Ronald Reagan was born in Tampico, Illinois, in 1911. He died of Alzhiemer’s Disease in 2004. Between those two dates, few men were as loved and hated, laughed at and lauded, listened to and lambasted, as Ronald Reagan.
He began as an actor, became a politician. And despite of his career choices, power couldn’t change the fundamentally good man behind the perfect teeth, the enviable hair, and the witty comebacks.
He went to a 3rd-rate Illinois college that was nevertheless the third institute in the country to educate both men and women. In 1961, he foreshadowed William Shatner by releasing a spoken-word album. Its title? “Ronald Reagan Speaks Out Against Socialized Medicine.”
He was elected governor of California in 1966, and stayed till 1975. He was elected president in 1980. He was reelected in 1984, winning every state but Minnesota (and D.C.).
I can’t say enough about his two terms as President. The high point was probably the biggest tax cut in American history, while the high point was the Iran-Contra scandal, in which the Administration (with or without Reagan’s knowledge) sold arms to Iran (despite an embargo) and used the money to feed the Contra rebels in Nicaragua. But how can we forget his radical idea that, instead of building more missiles, we should build missile defenses. Forsooth! This bankrupted the Soviet Union and ended the Cold War.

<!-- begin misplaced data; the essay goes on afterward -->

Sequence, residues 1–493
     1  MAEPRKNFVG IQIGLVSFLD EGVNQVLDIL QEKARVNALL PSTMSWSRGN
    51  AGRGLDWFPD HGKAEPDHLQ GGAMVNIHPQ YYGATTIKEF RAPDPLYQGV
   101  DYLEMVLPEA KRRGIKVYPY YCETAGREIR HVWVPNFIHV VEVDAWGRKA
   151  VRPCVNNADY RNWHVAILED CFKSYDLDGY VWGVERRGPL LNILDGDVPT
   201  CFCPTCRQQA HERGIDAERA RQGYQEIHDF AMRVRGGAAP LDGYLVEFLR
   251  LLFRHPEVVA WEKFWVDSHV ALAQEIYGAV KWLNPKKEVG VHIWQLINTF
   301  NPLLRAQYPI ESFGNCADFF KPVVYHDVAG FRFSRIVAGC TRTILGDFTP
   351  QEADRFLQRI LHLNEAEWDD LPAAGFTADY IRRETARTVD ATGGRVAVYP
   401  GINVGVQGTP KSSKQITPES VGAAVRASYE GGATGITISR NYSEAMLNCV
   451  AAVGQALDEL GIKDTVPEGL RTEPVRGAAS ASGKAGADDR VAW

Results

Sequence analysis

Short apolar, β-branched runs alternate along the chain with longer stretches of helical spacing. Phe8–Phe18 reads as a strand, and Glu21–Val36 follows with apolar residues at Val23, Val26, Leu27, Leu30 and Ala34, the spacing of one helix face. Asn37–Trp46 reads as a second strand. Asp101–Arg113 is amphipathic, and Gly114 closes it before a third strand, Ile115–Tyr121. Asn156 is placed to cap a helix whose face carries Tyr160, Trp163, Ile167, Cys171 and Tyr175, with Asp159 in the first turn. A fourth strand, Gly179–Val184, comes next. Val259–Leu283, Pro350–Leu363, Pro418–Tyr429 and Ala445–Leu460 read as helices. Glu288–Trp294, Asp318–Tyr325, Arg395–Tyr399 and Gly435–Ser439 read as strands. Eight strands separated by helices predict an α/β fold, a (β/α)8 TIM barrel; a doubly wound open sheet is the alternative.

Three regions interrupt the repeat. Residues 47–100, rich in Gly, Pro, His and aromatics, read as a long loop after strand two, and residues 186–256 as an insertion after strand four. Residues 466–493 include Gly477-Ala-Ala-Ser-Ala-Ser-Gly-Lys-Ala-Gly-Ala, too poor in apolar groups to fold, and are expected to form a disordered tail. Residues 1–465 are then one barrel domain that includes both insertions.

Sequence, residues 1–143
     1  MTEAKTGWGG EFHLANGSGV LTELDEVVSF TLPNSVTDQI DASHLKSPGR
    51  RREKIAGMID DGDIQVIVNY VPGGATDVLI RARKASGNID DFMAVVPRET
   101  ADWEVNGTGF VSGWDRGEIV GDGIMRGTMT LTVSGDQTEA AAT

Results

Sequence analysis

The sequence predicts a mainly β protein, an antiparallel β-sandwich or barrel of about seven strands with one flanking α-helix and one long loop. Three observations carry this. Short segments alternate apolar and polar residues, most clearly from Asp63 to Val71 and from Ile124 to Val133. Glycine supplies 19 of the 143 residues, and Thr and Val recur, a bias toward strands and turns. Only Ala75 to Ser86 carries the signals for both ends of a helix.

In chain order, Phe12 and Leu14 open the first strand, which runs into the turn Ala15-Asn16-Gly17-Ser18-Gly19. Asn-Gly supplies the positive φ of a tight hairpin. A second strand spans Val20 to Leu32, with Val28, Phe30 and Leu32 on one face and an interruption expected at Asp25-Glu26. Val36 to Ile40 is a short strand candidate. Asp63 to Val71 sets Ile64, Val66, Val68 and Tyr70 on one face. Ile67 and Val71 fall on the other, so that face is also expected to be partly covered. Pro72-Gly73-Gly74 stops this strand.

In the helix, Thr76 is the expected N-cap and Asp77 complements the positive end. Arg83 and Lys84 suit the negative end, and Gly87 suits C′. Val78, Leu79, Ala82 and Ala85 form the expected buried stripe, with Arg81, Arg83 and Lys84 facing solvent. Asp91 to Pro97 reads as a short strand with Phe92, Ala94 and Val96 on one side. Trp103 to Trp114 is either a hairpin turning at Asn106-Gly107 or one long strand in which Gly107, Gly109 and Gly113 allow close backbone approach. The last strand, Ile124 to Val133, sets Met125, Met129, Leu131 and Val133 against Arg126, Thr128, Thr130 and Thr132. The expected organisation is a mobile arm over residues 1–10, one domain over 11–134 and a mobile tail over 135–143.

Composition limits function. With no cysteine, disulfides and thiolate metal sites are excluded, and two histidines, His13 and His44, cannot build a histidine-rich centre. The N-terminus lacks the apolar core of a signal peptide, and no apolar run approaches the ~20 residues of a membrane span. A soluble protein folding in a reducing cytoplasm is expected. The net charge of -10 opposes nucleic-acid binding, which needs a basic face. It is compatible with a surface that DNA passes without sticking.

I’m simplifying because I don’t have the time or inclination to unpack his life in great detail. Reagan was not a regular churchgoer, but he was a man of God and incredibly committed to his wife, Nancy. After he became the only sitting President to survive assassination in 1981, he believed that God had saved his life for a great purpose: the rest of his presidency.
Ronald Reagan was not an introspective or especially philosophical man. He was a man of simple virtue. What you saw was what you got. Is there a more manly trait than honesty?